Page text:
A 1031 exchange is all about intent. In order for real estate to qualify for a 1031 exchange, the property must clearly be for investment purposes. A multifamily home that is being rented out is a clear example of a piece of real estate that is being used for investment purposes. A vacation home that is rented out for people to stay in is another example of an investment property.
But one of the reasons to own a vacation rental is to use it yourself. And family members will certainly be asking you to let them stay for free. Free stays from family members and personal trips to the lake house count as “personal use.” So how do you know when you’ve crossed a line and turned your investment property into a second home. Luckily, the IRS has a clarifying “Safe Harbor” rules. A vacation home qualifies for a 1031 if;
(a) The dwelling unit is owned by the taxpayer for at least 24 months immediately before the exchange (the “qualifying use period”)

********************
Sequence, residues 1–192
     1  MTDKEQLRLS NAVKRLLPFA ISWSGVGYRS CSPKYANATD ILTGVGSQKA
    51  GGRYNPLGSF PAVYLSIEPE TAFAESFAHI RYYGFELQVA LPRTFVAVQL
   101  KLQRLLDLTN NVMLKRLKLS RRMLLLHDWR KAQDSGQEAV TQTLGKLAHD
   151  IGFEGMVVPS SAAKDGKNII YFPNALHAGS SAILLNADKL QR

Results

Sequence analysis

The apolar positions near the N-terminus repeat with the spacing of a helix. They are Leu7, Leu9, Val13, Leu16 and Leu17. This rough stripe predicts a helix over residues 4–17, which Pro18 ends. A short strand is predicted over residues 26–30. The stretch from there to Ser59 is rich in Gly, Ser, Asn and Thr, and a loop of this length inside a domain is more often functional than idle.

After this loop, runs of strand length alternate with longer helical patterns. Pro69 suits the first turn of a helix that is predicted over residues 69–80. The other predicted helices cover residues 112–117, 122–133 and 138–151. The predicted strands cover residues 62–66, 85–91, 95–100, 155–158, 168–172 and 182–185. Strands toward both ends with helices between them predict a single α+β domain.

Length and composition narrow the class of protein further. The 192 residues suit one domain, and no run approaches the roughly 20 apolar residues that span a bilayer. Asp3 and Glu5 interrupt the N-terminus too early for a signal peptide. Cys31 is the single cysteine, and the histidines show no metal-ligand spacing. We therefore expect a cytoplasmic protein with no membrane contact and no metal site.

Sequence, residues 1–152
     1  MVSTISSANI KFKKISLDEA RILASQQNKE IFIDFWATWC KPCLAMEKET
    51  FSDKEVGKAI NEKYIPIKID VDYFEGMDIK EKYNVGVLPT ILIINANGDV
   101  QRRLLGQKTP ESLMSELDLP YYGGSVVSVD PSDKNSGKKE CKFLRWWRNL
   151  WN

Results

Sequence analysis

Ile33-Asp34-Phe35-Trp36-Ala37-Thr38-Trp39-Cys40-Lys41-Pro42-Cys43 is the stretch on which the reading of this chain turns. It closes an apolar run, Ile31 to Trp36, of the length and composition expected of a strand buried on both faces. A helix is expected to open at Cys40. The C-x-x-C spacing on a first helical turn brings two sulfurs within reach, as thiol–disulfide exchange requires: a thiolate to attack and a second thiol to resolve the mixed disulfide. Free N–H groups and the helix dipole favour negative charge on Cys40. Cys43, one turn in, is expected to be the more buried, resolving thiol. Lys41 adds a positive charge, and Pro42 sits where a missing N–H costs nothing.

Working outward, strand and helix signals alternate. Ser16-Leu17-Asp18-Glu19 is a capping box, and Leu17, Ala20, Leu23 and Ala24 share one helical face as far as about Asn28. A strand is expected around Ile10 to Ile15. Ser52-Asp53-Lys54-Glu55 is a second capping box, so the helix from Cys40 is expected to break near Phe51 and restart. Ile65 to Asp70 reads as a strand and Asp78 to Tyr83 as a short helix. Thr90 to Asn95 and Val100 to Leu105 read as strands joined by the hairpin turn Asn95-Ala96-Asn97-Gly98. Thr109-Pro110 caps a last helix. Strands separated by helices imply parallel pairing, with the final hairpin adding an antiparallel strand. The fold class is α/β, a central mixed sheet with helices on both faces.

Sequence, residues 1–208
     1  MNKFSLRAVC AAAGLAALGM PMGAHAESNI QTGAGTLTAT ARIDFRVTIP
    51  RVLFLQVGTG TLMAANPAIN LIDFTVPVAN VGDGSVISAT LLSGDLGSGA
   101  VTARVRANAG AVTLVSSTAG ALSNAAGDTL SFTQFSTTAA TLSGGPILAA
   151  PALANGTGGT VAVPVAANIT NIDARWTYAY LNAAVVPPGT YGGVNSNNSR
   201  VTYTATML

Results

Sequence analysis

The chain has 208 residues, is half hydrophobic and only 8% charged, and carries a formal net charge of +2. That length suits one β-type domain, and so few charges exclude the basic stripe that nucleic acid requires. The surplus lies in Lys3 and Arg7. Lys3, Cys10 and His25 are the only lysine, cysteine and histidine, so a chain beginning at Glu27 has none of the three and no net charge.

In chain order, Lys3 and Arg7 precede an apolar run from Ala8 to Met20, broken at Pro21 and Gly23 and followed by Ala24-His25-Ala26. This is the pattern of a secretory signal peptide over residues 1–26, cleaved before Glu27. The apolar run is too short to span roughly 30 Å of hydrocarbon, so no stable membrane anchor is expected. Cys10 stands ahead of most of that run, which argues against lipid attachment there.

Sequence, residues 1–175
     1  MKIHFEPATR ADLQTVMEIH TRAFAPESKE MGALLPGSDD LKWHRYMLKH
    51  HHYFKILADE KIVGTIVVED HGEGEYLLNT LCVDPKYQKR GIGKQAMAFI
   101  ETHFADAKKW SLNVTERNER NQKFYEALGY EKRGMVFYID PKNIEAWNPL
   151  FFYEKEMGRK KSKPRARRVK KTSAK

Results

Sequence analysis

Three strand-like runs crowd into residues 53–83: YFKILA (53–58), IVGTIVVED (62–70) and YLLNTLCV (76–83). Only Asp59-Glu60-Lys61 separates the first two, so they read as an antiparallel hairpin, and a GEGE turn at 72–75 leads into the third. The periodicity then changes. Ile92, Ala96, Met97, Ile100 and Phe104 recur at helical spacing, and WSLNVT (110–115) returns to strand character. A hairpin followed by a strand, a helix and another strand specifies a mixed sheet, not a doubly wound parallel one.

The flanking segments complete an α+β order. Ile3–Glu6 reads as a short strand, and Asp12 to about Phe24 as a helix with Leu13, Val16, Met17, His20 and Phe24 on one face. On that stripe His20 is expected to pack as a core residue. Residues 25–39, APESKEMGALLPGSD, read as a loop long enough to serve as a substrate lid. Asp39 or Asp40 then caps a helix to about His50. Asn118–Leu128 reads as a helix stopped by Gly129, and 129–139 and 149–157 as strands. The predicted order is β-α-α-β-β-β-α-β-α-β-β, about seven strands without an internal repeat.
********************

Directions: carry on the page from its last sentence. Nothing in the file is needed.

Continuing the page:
(b) Within the qualifying use period, in each of the two 12-month periods immediately preceding the exchange,
(c) The taxpayer rents the dwelling unit to another person or persons at a fair rental for 14 days or more, and
(d) The period of the taxpayer’s personal use of the dwelling unit does not exceed the greater of 14 days or 10 percent of the number of days during the 12-month period that the dwelling unit is rented at a fair rental. For this purpose, the first 12-month period immediately preceding the exchange ends on the day before the exchange takes place (and begins 12 months prior to that day) and the second 12-month period ends on the day before the first 12-month period begins (and begins 12 months prior to that day).
It is always a good idea to check with your local tax expert to ensure that your property meets all the requirements listed above